Each month, Stainless Solutions from IMOA covers a different stainless steel issue with tips on design and specification, and links to technical resources. This month they discuss Austenitics, the family of stainless steels that are most commonly used for architecture.
The austenitic stainless steels have been the primary alloys used for building and construction, consumer products and industrial applications. Their overwhelming popularity is due to several factors:
• Commonly available in all sizes and product forms;
• Highly formable, making very tight crisp bends possible;
• Easy to weld and repair;
• Widest range of aeshetic finishes; and
• Superior impact, blast and seismic performance
The most commonly used alloys have been Types 304 and 316 and their low carbon versions Types 304L and 316L. The low carbon versions are only needed when sections 0.125 inches (3.2 mm) thick and greater will be welded. The molybdenum addition to Types 316/316L makes them more resistant to chloride salts (coastal and deicing) and to pollution related corrosion.
Early architectural projects, built some 50 or more years ago, were constructed in Type 302, which is equivalent to modern Type 304. While Types 304/304L and their predecessor Type 302 were widely used historically for building and construction applications, Type 316/316L and sometimes more corrosion-resistant stainless steel alloys are increasingly being specified for exterior and sheltered applications.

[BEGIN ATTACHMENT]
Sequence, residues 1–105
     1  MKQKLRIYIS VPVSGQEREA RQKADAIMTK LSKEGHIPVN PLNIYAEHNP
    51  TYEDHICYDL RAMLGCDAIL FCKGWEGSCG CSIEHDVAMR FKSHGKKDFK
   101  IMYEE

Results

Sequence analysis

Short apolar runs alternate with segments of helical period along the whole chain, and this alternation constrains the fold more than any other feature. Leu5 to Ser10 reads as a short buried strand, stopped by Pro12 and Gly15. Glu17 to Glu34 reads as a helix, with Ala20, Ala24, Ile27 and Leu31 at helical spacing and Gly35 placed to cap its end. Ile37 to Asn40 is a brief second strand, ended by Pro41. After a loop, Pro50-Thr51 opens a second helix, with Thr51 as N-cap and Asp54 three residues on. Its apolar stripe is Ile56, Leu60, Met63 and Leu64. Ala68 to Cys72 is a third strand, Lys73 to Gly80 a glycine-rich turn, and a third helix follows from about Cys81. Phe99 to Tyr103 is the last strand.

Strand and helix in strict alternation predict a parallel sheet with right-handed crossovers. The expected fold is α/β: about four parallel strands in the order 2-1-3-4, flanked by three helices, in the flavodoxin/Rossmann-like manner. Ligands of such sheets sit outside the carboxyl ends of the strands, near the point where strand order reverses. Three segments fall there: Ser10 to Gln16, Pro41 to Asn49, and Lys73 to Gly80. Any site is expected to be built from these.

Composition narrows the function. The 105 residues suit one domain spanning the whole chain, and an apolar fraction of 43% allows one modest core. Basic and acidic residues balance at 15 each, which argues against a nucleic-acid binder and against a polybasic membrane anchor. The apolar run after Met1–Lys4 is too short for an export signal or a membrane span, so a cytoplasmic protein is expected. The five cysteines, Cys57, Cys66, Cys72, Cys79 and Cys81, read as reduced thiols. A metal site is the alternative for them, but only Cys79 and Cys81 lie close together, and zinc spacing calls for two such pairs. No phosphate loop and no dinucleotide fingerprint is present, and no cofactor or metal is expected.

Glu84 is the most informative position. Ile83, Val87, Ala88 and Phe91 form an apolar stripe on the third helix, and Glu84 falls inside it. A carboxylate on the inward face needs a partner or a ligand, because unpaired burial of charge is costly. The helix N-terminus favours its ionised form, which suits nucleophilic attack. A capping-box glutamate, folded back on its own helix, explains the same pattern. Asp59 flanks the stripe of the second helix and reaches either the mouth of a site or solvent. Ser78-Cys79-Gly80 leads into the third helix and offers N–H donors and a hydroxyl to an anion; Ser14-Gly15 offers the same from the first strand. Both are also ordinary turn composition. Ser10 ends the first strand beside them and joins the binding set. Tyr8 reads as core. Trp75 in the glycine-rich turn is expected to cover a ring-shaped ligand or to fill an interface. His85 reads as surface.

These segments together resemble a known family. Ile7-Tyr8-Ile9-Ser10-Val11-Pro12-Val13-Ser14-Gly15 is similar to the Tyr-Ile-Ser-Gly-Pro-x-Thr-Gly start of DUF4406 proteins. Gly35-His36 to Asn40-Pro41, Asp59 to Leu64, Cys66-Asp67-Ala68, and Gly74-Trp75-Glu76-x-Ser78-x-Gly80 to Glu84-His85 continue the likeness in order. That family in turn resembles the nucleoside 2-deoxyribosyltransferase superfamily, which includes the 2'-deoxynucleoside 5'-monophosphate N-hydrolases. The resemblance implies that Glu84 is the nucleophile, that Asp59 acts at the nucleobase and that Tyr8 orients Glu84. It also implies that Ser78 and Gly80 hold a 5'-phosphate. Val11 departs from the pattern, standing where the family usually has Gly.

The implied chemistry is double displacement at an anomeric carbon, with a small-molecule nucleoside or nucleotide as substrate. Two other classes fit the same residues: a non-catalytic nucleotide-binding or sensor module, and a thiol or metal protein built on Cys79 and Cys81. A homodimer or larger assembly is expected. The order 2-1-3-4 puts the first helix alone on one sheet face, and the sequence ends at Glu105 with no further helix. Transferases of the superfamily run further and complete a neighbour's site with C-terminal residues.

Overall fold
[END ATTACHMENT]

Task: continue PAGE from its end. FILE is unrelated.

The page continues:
This has occurred because of increasing global use of deicing salts, population concentration in coastal areas, and high pollution levels and rain acidity in developing countries. Sheltered areas are even more corrosive because they accumulate the same environmental contaminants but do not benefit from natural rain-washing. Austenitic grades with even greater corrosion resistance are used for industrial and seawater applications.
IMOA’s Stainless Steel Selection System, Case studies, Coastal Salt, Deicing Salt and other website resources provide alloy selection guidance. Visit this link to view those resources and the complete newsletter.
For more information or to schedule a workshop contact Catherine Houska, 412-369-0377.